There is little question the velocity of cyberattacks has increased during the COVID-19 pandemic, but according to Israel’s National Cyber Directorate chief Yigal Unna, discussed Iran’s attempted attack on Israel’s water systems a month ago. What caught our attention was Unna’s view that the rules have changed and he sees the nature of these attacks escalating to the point at which they will be aimed at harming civilians. To us that reminds us of former Defense Secretary Leon E. Panetta’s warning of a “cyber–Pearl Harbor.”
If Unna is right, and there is reason to think he is, it means bad actors will increase the scope of their attacks thereby driving incremental demand for cybersecurity and data privacy solutions.
“The word ‘speed’ is not enough to describe the hectic pace at which things are happening in cyberspace,” he explained. “We will remember last month as a turning point in the history of modern cyber wars. The attempt to attack Israel was coordinated and organized with the aim of damaging our humanitarian water system.”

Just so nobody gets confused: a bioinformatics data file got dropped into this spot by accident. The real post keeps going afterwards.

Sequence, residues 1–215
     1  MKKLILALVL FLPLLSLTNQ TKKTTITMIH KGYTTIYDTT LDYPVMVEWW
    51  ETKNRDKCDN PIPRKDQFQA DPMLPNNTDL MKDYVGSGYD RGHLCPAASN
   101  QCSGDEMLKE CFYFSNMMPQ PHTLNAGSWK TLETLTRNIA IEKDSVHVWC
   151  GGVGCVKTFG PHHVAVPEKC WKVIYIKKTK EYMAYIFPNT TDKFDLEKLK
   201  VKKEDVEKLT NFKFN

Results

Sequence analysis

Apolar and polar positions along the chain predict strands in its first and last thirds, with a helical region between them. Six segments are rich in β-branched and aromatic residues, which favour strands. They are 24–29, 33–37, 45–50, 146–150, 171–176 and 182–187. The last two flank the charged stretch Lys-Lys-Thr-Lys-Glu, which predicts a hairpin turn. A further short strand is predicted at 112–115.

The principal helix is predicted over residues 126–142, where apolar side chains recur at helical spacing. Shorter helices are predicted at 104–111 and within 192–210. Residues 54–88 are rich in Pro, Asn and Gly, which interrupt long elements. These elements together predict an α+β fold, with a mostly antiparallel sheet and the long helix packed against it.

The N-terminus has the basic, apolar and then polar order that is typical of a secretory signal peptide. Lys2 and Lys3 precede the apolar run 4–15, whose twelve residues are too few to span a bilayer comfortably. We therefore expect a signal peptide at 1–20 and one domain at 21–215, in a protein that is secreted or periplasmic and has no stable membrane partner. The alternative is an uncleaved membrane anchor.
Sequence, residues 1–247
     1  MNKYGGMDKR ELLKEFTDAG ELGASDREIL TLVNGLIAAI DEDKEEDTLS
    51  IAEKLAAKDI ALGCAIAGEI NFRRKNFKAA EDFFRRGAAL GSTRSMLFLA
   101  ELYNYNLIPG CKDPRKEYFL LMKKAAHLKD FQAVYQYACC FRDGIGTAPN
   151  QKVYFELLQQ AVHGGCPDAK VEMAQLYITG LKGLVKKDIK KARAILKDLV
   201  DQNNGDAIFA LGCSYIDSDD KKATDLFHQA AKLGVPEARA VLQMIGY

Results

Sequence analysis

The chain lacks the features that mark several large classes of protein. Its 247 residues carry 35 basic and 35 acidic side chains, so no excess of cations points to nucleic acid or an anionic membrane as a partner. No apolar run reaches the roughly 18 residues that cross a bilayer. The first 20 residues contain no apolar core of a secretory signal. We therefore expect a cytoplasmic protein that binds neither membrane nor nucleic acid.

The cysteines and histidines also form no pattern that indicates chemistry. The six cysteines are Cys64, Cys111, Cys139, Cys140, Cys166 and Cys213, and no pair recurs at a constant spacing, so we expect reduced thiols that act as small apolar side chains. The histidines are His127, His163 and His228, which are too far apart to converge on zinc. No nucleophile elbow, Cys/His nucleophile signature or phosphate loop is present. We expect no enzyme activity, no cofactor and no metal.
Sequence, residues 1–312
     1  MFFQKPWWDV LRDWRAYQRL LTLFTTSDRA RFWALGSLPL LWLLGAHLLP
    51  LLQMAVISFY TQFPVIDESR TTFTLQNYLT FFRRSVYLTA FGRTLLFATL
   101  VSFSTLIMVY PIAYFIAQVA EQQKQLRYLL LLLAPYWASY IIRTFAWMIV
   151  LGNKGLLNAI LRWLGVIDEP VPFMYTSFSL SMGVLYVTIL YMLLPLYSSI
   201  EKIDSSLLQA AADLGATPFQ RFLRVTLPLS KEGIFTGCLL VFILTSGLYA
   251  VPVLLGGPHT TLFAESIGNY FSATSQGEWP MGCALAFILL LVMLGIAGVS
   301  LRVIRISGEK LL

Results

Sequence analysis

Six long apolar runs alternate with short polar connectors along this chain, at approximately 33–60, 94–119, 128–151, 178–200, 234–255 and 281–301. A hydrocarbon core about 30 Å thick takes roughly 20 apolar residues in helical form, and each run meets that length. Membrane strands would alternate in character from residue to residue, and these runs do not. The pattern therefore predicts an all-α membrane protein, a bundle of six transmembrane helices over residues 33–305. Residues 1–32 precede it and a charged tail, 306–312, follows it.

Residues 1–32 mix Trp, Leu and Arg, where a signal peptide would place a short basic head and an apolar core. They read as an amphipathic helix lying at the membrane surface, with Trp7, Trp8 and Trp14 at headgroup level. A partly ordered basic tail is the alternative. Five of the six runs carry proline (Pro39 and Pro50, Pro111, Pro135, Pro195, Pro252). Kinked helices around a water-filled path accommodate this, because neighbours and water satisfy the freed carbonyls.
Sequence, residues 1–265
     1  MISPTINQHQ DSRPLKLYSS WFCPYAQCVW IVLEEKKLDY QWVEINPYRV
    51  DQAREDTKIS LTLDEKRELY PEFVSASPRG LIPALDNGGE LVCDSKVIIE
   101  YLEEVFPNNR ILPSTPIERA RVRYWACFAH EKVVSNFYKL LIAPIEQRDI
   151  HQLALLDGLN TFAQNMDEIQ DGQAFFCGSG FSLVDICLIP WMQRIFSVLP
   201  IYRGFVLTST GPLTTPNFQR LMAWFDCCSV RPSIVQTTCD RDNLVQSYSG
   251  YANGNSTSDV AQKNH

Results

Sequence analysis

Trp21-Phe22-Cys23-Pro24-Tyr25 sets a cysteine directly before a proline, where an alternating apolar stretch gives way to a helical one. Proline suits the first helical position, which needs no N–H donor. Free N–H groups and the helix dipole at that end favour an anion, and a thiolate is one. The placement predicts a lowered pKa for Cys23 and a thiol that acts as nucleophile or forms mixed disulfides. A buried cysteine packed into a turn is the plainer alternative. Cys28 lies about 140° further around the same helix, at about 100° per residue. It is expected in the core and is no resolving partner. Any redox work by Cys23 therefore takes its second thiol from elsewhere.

“If the attack had been successful, in the midst of the corona crisis we would have had to deal with a certain damage to the civilian population and even temporary water shortages, or a mix of chlorine or other chemicals at the wrong dosages that could have caused damage and disaster.”
“There seem to be new rules of cyber warfare – it can be cyber against cyber, or kinetic against cyber – and everything will build up to warfare aimed at harming civilians. Countries need to consider what is considered critical infrastructure and what the diamonds in the crown of the cyber realm of every country, for which they will deal with cyber defense, are, and manage the risks with the important systems that are not defined are critical, ” Unna concluded.